This new edition by Katrin Eich, and with ingenious fingerings supplied by Andreas Boyde, comes from the New Brahms Complete Edition of 2014, and will be welcomed by all who wish to tackle this masterpiece!

publisher’s website

Brahms: Waltz in A flat, Op.39 No.15

How wonderful to see this stand-alone edition of Brahms’ well-loved classic, offering both the original and the slightly simplified version in A major, side-by-side!

Whether you are a teacher or player working on this piece, an academic or composition student, it’s fascinating to compare the two!

publisher’s website

Schumann • Liszt: Liebeslied (Widmung)

Liszt’s stunning virtuoso transcription of Schumann’s gorgeous love son “Dedication” from Myrthen, Op.25, has returned as a popular show-stopper in recent years, with recordings by Evgeny Kissin, Daniil Trifonov, Lang Lang, Yundi Li, and others giving the piece a wide audience.

Annette Oppermann’s new edition is a most welcome addition to the Henle catalogue.

publisher’s website

Dvorák: Humoresques Op.101

There’s no better place to begin an exploration of Dvorak’s solo piano music than these eight highly attractive pieces, and hopefully this brilliant new edition from Henle will help to bring these lovely works into wider circulation.

publisher’s website

Grieg: Norwegian Dances Op.35 for piano, four-hands

Grieg’s Norwegian Dances Op.35 for piano duet will be known to many from the popular orchestral version.

The original piano duet version is a brilliant concert work for advanced performers, and Ernst-Günter Heinemann’s new edition for Henle – co-edited and with fingering by the great Grieg performer Einar Steen-Nøkleberg – combines scholarship, clarity of presentation and helpfully organised page turns.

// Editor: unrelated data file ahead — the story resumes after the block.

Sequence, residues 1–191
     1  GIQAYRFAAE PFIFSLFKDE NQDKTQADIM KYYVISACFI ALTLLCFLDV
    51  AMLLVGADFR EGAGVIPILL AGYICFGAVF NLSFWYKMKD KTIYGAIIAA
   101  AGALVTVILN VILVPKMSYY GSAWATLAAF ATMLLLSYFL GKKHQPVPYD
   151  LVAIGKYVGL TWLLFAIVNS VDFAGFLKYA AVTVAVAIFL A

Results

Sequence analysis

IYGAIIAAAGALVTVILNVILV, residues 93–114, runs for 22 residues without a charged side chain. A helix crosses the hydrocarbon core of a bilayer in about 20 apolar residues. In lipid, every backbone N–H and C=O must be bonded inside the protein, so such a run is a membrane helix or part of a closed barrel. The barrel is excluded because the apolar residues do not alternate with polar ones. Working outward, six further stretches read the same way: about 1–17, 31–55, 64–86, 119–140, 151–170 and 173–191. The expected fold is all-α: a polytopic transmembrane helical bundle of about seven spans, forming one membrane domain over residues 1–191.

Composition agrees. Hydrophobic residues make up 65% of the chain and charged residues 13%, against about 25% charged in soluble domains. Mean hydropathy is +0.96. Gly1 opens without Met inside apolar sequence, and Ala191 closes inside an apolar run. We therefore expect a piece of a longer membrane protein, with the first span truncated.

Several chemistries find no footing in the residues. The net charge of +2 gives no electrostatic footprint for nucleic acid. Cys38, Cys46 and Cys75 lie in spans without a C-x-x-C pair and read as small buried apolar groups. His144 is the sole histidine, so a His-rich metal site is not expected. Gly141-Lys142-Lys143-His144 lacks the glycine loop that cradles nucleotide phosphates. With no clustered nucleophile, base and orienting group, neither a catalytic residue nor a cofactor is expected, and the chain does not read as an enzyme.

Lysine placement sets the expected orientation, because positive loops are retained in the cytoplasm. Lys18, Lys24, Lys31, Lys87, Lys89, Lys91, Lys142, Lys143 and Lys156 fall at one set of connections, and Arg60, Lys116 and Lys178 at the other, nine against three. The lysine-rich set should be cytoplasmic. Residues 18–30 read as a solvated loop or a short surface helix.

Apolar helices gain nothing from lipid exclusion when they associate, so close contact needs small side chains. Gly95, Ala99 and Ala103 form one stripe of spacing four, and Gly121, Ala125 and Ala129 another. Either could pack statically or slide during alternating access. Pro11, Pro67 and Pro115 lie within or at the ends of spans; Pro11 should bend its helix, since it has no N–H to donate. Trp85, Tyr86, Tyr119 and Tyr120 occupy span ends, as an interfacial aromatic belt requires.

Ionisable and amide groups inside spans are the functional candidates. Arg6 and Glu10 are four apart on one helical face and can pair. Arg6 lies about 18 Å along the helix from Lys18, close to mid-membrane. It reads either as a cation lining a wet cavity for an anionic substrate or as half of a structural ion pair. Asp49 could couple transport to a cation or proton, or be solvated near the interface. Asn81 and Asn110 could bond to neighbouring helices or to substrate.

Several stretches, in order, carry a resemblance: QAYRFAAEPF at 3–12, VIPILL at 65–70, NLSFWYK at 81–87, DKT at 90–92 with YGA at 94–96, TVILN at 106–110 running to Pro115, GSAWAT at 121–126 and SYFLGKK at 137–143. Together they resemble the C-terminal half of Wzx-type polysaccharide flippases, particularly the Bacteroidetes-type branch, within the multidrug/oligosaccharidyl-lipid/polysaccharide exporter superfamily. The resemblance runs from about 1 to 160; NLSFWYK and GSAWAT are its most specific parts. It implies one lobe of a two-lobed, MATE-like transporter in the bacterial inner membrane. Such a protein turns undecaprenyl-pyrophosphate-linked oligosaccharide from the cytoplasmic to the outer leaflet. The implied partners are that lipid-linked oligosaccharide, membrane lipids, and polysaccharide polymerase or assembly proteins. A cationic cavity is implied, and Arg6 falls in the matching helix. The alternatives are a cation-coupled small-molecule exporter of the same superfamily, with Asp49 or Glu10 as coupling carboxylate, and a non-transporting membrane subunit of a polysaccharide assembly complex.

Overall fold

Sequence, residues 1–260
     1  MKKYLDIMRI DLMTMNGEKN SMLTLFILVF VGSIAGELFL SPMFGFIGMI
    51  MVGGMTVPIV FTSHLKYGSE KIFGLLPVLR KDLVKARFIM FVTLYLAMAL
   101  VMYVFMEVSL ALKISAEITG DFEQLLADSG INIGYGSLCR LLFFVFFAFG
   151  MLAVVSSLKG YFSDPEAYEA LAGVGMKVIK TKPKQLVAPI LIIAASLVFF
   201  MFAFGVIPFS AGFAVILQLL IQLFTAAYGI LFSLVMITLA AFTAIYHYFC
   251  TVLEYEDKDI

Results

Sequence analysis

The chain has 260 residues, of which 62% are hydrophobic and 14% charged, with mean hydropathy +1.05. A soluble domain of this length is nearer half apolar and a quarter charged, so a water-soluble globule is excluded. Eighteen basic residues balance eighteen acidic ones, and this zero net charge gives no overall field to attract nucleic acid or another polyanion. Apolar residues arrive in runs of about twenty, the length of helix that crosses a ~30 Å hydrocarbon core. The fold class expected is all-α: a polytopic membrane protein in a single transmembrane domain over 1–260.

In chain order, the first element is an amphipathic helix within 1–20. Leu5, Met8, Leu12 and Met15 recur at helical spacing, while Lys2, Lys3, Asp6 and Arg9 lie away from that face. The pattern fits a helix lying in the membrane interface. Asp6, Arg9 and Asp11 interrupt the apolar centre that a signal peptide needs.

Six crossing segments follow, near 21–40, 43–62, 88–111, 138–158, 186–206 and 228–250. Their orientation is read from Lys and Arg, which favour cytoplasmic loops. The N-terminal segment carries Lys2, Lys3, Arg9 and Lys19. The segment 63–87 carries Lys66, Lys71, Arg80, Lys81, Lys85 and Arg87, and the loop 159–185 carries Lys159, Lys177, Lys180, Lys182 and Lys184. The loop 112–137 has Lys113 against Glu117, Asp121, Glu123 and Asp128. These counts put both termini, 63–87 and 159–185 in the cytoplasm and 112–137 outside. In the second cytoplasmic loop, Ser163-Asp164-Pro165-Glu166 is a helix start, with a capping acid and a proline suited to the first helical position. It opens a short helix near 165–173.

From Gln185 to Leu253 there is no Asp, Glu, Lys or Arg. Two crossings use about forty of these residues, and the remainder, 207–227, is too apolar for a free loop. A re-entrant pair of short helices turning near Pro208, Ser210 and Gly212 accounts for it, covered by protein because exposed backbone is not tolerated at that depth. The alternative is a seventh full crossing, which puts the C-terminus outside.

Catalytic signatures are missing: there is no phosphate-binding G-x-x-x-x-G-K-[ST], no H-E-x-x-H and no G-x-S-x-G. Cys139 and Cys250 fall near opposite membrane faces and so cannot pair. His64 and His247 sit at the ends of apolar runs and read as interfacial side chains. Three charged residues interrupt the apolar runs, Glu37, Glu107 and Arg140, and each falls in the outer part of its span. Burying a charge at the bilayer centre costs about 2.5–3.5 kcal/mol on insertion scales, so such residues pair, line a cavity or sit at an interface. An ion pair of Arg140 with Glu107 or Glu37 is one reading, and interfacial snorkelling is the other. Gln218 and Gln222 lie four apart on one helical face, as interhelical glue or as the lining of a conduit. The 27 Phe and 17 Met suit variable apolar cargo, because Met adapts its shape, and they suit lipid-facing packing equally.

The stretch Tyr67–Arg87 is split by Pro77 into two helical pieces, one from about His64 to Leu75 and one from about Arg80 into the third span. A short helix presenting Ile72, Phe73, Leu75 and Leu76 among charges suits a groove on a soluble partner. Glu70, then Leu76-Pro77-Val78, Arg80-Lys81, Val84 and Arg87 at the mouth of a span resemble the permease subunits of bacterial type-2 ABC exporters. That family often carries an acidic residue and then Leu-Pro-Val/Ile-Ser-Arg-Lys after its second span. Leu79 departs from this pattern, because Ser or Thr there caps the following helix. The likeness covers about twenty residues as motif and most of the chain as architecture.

publisher’s website

Bartók: Suite Op.14

László Somfai’s authoritative new edition of the Suite Op.14, one of Bartók’s most important solo piano concert works, now supersedes the older Universal Edition version in several regards.

Of particular interest, it includes as an appendix the Andante movement that formed part of the original five-movement design of Bartók in 1916, but which was removed by the composer shortly before the work’s publication in 1918.

publisher’s website

Bartók: 15 Hungarian Peasant Songs

Also edited by László Somfai and excerpted from the new Bartók Complete Edition, published by Henle in collaboration with Editio Musica Budapest, this is a welcome performing version of a rather neglected work.

In his fascinating Preface, Somfai explores the work’s complex background. The music itself is nicely organised on the page, and although the early pieces seem to me just a little more cramped than the old UE edition, the later movements (and particularly the dense Finale) are certainly more spacious, and overall this new version is without doubt the one to go for!

publisher’s website